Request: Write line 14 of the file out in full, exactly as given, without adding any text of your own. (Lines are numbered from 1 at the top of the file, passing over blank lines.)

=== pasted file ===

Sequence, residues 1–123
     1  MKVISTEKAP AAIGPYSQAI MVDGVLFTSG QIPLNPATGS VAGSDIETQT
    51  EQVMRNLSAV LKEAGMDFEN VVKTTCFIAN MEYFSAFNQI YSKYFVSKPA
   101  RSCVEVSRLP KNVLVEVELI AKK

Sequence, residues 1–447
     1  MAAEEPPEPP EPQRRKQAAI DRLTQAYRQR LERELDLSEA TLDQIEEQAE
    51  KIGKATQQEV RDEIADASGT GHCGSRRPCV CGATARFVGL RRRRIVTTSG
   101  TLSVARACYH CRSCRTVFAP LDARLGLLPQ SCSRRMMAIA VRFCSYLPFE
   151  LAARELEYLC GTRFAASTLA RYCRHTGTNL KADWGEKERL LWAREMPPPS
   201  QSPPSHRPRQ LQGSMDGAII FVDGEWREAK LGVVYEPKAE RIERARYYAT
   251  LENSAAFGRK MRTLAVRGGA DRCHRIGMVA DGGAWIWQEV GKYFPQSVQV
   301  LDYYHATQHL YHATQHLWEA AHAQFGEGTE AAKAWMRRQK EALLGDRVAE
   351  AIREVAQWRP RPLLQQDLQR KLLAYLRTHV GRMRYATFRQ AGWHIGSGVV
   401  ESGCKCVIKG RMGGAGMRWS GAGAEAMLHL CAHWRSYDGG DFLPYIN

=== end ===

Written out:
   401  ESGCKCVIKG RMGGAGMRWS GAGAEAMLHL CAHWRSYDGG DFLPYIN